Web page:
Research Program


My research program focuses on the integrative and comparative biology of animals.  I use a range of techniques to study the evolution, genetics, ecology and physiology of animals.  Currently, my interests are in two areas of research: (1) the integrative and comparative biology of bees and (2) the study of island dwarfism in anurans.

Research projects that study bees are often with one or more of my collaborators in the Research Experiences for Undergraduates program in Turkey.  Several lines of research are supported by these collaborations: (1) comparative biology of invasive bees, (2) the effects of sublethal exposure to pesticides by bees, (3) ecology of invasive plants and pollinators, and (4) genetic basis of foraging behavior in bees.

Integrative and Comparative Biology of Bees

My research into island dwarfism of anurans traces its roots to my own thesis research on toads of Assateague Island, Virginia.  This research involves collaboration with Dr. Thomas S. Klinger  (BU) and colleagues from Millersville University.  Studies are conducted on one or more of the barrier islands near the Chincoteague Bay Field Station at Wallops Island Virginia.  Ongoing studies are revealing the (1) life history traits of island anurans, (2) the distribution of breeding habitats, (3) how patterns of coastal flooding will impact habitats used by anurans, (4) premating isolation, and (5) ecological interactions among island anurans.

Investigating Island Dwarfism in Anurans

Students are essential to my research program.  I have worked with many students over the years.  See “Where are they now?” for stories about some of these students.  Students may engage in several ways: (1) research volunteers for no credit and no pay, (2) research for credit courses, and (3) as paid research assistants.  I work with undergraduate and graduate students.   In either case, I prefer to involve students early in their academic career, as freshmen/sophomores (undergraduates) or as first semester graduate students, because research for more than one or two semesters makes for a meaningful experience.

How students are involved in my research

Abramson, C.I, Çakmak, I., Duell, M.E., Bates-Albers, L., Zuniga, E., Pendegraft, L., Barnett, A., Cowo, C.,

    Warren, J., Albritton-Ford, A., Barthell, J.F., Hranitz, J.M., and Wells, H.  2013.  Feature-positive and Feature-

    negative Learning in Honey Bees.  Journal of Experimental Biology. 216: 224-229.

Oruç, H.H., Hranitz, J.M., Sorucu, A., Duell, M.E., Çakmak, I., Aydin, L., and Orman, A.  2012. Determination of

    Acute Oral Toxicity of Flumethrin in Honey Bees (Apis mellifera anatoliaca).  Journal of Economic Entomology.  105:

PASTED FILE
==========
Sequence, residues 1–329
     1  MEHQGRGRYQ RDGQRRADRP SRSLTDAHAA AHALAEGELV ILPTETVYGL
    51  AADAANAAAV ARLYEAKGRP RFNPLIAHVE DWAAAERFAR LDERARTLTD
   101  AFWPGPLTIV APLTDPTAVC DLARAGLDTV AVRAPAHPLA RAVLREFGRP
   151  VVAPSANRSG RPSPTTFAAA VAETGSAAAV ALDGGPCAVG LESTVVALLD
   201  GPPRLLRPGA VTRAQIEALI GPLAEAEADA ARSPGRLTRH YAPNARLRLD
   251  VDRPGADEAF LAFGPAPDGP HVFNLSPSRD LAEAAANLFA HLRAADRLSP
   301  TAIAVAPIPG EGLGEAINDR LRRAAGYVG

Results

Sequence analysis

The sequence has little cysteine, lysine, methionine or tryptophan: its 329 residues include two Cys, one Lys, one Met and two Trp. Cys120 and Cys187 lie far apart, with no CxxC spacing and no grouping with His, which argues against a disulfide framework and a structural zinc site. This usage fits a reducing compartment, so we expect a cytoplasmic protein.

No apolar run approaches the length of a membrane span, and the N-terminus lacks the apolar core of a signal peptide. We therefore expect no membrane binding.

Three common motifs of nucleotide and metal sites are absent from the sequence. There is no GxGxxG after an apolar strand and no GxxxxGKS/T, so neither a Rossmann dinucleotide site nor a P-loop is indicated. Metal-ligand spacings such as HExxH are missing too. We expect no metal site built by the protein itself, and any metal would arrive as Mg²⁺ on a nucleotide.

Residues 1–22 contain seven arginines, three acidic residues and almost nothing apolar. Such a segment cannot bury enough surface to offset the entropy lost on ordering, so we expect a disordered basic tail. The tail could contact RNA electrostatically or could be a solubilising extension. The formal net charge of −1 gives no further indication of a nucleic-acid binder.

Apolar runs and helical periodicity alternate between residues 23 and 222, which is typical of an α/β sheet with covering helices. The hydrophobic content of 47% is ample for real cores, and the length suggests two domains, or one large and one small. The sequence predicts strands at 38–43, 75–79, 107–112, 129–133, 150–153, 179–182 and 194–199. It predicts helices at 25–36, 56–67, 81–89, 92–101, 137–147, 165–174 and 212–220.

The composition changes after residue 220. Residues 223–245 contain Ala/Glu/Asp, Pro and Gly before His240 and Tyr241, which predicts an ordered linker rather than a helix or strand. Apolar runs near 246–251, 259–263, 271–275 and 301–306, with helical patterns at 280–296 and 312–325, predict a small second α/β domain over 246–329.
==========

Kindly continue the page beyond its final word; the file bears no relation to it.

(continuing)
Hranitz J.M., Abramson C.I., Carter R.P. 2010. Ethanol increases HSP70 concentrations in honeybee (Apis mellifera

    L.) brain tissue. Alcohol 44(3): 275-282.

Barthell, J.F., M.L. Clement, D.S. Song, A.N. Savitski, J.M. Hranitz, H. Wells, T. Petanidou, R.W. Thorp, A.M.

    Wenner, and T.L. Griswold.  2009.  Nectar secretion and bee guild characteristics of yellow star-thistle on Santa Cruz

    Island and Lesvos: Where have the honey bees gone? Uludäg Bee Journal. 9: 109-121.

Hranitz, J.M., J.F. Barthell, C.I. Abramson, K.D. Brubaker, and H. Wells.  2009. Stress protein responses in honey

    bees: is it useful to measure stress responses of individual bees in the hive?  Uludäg Bee Journal. 9: 60-71.

Hranitz, J.M., J.F. Barthell, R.W. Thorp, L.M. Overall, J.L. Griffiths.  2009.  Nest site selection influences mortality

    and heat stress responses in developmental stages of an invasive leafcutting bee, Megachile apicalis

    (Spinola).  Environmental Entomology 38:484-492.

Baird, T.A., J.M. Hranitz, D.K. Timanus, and A.M. Schwartz. 2007.  Behavioral attributes influence annual mating    

    success more than morphological traits in male collared lizards.  Behavioral Ecology 18: 1146-1154.

Hranitz, J.M. and T.A. Baird.  2000.  Effective population size and genetic structure of a population of collared lizards,

    Crotaphytus collaris, in central Oklahoma.  Copeia 2000: 786-791.

Hranitz, J.M. and W.J. Diehl.  2000.  Enzyme variation and population structure during the life history of the toad Bufo    

    woodhousii fowleri. Biochemical Systematics and Ecology 28: 15-27.

Hranitz, J.M., T.S. Klinger, F.C. Hill, R.G. Sagar, T. Mencken and J. Carr.  1993.  Morphometric variation between Bufo    

    woodhousii fowleri Hinckley (Anura: Bufonidae) on Assateague Island and the adjacent mainland.  Brimleyana 19:


Selected Publications (undergraduate authors in bold font)